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Camping in Concert

At this outdoor folk-music festival in rural Texas, you're not a "Kerrvivor" unless you stay till the end

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So is a Chinese-American singer and songwriter whose work sometimes draws on that heritage but also ranges from blues to R&B to romantic ballads. He has acquired a large following at the festival — a process that began long before Saturday night's concert. "This place is all about the campfires," he told me. "That's where you really lay it down," chimed in his friend, singer Stephanie Corby.

With that idea in mind, I headed off into the night on Sunday, with Larry as my guide, going from campfire to campfire. Or gathering to gathering, to be more accurate, for the circles were for the most part lit by kerosene lamps. And they were everywhere. "Hey, will you look at that," Larry said gleefully as we passed a crossroad by the latrines, where a cluster of people stood around the glow of a streetlight. "It's a bleeping jam in the fork in the road."

I was like a kid in a candy store, entranced by all the possibilities and unable to commit to any one choice. At some point, Larry let me go off on my own, and I wandered from campfire to circus tent to tarp, wherever I heard music, staying here for five minutes to hear a woman sing out against corporate greed, and there to hear a folk-circuit elder masterfully pick a tune and then respectfully turn to a young kid who offered a heartfelt, albeit naive, new ballad.

As the night wore on, I tried desperately to find Camp Cuisine and Camp Nashville, the two places that I'd heard attracted the most talented musicians. I was so eager to have a genuine "campfire experience" that I didn't actually experience much at all. I just kept wandering from one thing to another until finally, exhausted, I crawled into my sleeping bag. And then morning came, with Larry's clanking mug.

Monday's schedule was full—from a four-hour blues show, to the daily song-sharing under the Ballad Tree — capped off in the evening by a phenomenal lineup at the Main Stage. Like the night before, and the night before that, the theater area filled up with some 4,500 Kerrverts and other visitors for a six-hour, seven-act concert. At the end, Kerrville stalwart Peter Yarrow took the stage for his annual birthday sing-along. As his set went on, Yarrow kept inviting more and more younger musicians to join him — including Kevin So — until the stage seemed almost as crowded as the audience. In his memoir, Music From The Heart, founder Rod Kennedy recalls an earlier festival: "The evening finale featured Peter Yarrow, reinforcing the togetherness he had helped to build from the beginning.... The audience joined in singing with damp eyes ...almost not believing that this feeling of belonging together could move them so much."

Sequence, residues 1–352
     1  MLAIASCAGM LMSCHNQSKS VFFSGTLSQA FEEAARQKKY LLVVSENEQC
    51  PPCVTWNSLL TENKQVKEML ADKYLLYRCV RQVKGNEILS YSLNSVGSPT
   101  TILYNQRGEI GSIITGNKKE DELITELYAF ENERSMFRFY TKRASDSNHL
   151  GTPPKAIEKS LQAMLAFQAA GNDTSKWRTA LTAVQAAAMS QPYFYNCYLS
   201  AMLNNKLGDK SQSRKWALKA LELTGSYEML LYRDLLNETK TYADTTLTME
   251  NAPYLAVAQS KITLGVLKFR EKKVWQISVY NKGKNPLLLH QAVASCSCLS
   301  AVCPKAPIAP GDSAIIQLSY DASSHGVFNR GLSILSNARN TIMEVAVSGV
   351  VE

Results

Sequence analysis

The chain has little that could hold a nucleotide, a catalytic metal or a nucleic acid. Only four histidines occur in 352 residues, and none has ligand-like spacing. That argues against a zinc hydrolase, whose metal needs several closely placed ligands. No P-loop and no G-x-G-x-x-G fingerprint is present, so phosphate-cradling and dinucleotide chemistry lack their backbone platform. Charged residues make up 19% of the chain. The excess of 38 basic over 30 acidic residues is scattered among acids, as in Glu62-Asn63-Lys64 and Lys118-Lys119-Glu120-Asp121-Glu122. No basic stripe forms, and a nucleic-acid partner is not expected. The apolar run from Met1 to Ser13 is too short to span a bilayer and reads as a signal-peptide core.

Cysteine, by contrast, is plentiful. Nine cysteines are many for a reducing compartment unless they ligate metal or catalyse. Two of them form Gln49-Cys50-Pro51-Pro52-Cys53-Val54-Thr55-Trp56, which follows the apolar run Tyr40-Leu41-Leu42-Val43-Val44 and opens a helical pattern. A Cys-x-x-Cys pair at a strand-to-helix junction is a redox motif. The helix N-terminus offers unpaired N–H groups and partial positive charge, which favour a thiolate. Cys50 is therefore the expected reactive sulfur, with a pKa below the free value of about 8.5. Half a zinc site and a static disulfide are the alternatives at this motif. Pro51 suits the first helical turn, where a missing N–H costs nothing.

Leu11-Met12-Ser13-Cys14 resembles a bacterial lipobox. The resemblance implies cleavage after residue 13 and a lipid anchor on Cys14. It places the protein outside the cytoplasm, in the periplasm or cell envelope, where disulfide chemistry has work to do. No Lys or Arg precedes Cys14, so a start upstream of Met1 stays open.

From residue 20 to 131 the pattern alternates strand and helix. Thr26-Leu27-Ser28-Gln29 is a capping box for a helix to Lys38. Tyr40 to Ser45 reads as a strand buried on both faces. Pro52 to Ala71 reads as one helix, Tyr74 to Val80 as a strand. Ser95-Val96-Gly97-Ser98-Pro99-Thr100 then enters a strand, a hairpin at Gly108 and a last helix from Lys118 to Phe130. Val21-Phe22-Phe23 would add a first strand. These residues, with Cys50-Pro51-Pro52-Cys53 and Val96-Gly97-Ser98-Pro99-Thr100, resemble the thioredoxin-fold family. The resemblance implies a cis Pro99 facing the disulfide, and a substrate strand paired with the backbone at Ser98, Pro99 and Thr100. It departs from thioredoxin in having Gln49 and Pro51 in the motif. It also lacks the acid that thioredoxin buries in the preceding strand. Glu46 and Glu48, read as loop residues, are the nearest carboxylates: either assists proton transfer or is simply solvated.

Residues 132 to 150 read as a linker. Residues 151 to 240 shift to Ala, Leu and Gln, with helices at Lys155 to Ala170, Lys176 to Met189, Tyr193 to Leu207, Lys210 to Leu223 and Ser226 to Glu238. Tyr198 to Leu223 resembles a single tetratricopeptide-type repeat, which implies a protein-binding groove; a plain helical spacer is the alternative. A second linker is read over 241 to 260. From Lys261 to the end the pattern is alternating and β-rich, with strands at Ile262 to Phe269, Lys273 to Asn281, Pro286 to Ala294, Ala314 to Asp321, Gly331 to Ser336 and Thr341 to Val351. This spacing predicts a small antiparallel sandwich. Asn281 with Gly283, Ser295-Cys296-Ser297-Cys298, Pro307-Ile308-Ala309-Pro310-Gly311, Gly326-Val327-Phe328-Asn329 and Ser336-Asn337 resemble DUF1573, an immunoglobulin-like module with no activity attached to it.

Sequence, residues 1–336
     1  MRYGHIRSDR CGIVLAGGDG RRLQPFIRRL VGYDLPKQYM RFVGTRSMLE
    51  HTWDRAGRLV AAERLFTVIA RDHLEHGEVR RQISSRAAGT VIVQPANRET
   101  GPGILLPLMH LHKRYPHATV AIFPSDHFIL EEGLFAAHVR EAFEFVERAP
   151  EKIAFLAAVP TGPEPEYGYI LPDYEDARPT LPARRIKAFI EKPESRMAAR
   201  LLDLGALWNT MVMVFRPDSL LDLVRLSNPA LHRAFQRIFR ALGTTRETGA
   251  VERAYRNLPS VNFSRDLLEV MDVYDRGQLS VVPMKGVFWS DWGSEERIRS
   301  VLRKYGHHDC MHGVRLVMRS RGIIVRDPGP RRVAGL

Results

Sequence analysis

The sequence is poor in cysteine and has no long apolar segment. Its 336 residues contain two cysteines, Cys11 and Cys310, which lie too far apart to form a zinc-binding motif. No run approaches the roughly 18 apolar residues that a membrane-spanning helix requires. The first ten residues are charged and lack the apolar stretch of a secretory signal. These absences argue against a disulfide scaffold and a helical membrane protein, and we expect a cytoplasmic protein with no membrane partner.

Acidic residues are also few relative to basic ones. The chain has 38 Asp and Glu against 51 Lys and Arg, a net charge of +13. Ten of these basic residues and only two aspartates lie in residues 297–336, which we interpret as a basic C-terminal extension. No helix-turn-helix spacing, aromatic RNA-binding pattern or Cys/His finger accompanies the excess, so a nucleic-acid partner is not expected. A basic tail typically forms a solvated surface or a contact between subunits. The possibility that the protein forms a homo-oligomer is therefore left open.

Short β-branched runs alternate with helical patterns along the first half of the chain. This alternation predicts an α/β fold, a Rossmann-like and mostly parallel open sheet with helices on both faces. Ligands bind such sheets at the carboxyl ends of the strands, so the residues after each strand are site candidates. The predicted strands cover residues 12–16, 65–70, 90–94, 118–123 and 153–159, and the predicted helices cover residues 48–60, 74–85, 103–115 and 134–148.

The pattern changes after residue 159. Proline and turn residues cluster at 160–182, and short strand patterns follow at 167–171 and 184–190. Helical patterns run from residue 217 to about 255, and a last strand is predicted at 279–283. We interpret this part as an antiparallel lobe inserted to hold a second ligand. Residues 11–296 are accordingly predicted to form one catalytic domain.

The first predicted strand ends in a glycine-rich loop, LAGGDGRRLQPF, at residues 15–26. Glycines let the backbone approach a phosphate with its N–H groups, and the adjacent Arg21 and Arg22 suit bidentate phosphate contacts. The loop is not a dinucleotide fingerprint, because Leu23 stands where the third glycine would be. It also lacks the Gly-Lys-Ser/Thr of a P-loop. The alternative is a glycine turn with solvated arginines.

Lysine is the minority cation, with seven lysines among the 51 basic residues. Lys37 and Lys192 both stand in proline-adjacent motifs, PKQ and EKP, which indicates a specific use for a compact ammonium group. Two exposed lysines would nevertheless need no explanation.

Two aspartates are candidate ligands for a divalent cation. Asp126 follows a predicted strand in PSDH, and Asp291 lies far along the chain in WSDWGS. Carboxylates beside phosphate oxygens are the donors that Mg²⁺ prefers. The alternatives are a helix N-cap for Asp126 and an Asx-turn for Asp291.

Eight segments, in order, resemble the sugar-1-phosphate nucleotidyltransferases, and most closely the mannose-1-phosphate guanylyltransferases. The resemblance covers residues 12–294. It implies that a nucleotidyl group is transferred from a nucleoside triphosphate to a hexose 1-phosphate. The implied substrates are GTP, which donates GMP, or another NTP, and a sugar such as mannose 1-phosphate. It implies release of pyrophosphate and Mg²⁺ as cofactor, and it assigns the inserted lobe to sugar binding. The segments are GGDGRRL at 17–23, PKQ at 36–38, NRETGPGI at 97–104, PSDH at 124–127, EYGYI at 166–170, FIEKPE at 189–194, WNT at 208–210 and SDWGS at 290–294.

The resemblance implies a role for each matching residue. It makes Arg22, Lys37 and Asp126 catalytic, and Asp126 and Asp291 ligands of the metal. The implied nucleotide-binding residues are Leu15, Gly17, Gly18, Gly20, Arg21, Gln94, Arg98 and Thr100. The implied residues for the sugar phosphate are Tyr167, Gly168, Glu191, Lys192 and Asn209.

All right, so it's sappy. OK, so I'm a sucker. But when the musicians and kids on that jam-packed stage started swaying and singing "Puff the Magic Dragon," it did my poor heart in.

After the concert, I was all set to hit the campfire circuit once more. But, I learned, that night — the end of the festival's five-day opening rush — was listed on the calendar (the "Kerr-lendar") as the "First Night of Sleep." After Yarrow's set, there was some faint strumming to be heard from far-flung corners of the ranch, but for the most part, by 2 a.m. or so, people had settled in.

Disappointed, I'd begun walking back to my tent when I suddenly heard the familiar voice of Ellis Paul and, sure enough, there he was, surrounded by a few stragglers at the corner Larry had dubbed the "jam in the fork in the road." Among them was Stephanie Corby, Kevin So's friend, singing harmony. Eventually Paul invited a few of us back to his camp, where he promised Stephanie he would do one more number.

So, finally, I got to see Camp Nashville. The night before, this Holy Grail of the campfire scene had doubtless been alive with song, crowded with musicians waiting their turn. Now it was quiet, with only the camp's residents lounging around before heading into their tents.

And then, lit by the moon, before a silhouette backdrop of the Texas hills, Corby joined Paul for one more song—titled, appropriately enough, "Last Call." Their voices floated up through the night sky, clear and sweet and pure. And as I sat there listening — sleep-deprived and beaming — I realized that the Holy Grail had indeed been found. I was now a Kerrvert. There would be no turning back.


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